Extracting DNA in your Kitchen

If the cell has a nucleus, the DNA is located in the nucleus.  If not, it is found in the cytoplasm.  DNA is the genetic material that has all the information about a cell.

DNA is a long molecule found in the formed by of two strands of genes. DNA carries two copies—two “alleles”—of each gene. Those alleles can either be similar to each other (homozygous), or dissimilar (heterozygous).

We’re going to learn how to extract DNA from any fruit or vegetable you have lying around the fridge. Are you ready?

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13 Responses to “Extracting DNA in your Kitchen”
  1. anita_fair says:

    “Thank you for your great answer!” -Gabriel

  2. Aurora says:

    Hi Gabriel! Yes you can extract DNA from any living thing. Spiderman got his abilities from being bitten by a radioactive spider. Actually, Spiderman got his abilities from a writer who invented a cool story. There’s been a lot of things invented AFTER writers think them up (Star Trek is a great example of this), however there are some things that are still not within our reach (light sabers from Star Wars, warp drive and transporting through teleporters). Keep thinking up cool things and writing down your ideas so you can design experiments around them!

  3. anita_fair says:

    “We tried the experiment with pear and with pumpkin and took pictures with our microscope. Would it work with spiders? I want to learn how to extract spider DNA so I can be Spiderman.”
    -Gabriel, age 6

  4. Amber Beck says:

    never mind, I figured it out! Thanks!


  5. Amber Beck says:

    Hi, In the article above it references a few videos. I don’t see any link or video. I’d love to watch them!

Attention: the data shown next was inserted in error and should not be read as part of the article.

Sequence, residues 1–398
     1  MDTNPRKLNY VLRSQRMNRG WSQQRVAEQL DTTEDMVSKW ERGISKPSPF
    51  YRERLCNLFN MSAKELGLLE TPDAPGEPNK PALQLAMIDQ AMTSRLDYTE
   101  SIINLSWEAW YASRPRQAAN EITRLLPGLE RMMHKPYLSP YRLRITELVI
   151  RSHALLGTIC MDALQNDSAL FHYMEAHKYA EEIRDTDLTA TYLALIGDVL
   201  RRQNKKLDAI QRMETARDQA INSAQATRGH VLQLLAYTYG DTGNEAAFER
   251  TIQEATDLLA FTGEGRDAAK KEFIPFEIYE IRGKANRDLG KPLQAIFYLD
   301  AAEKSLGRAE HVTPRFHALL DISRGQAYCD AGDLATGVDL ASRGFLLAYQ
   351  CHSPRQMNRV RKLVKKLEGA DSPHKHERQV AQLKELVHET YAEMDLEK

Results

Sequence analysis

6. Aurora says:

    Yes, you can certainly try 50%… I’ve never used it for this experiment. Let me know if it works! 🙂

  7. Kara Morrell says:

    do you hav to use 91% alcohol Can i use 50%?

  8. Sonya Fiebig says:

    Wow, those last two videos made everything so much clearer (at last)! Thank you for posting such fantastic experiments and videos 😀

    Laura F

  9. Aurora says:

    You need a soap that contains a lot of air – if it floats in water, it will probably work.

  10. welsa ninan says:

    Can we use Seventh Generation dish soap for this or does it need to be conventional petroleum based dish soap, like Dawn or Palmolive? (I think 7th Generation uses only plant based enzymes)

  11. Aurora says:

    You should be looking for white strands. These are not actually single strands of DNA (which are too small to see under a light microscope,) but rather are clumps of many DNA strands all struck together. Don’t expect anything that looks like a double helix – you would need an electron microscope to be able to see DNA is such detail as to be able to make out structure. Still, seeing DNA even at this level of magnification is pretty cool.

    As far as seeing the layers in the cup, if you can clearly see the top and bottom layers, try to take a sample from directly in between the two.

  12. Karen Pedersen says:

    One other question: will the DNA strands be quite easy to identify? We’ve tried this with an apple and a banana and can see the alcohol/juice layers in the cup, but it’s hard to see any strands in the middle.

  13. Karen Pedersen says:

    Is there anything disinctive about the DNA when looking for it under the microscope? We’re seeing general pieces of something, but it looks like it could just be pulp, dirt, or some other thing that isn’t DNA. Thanks.

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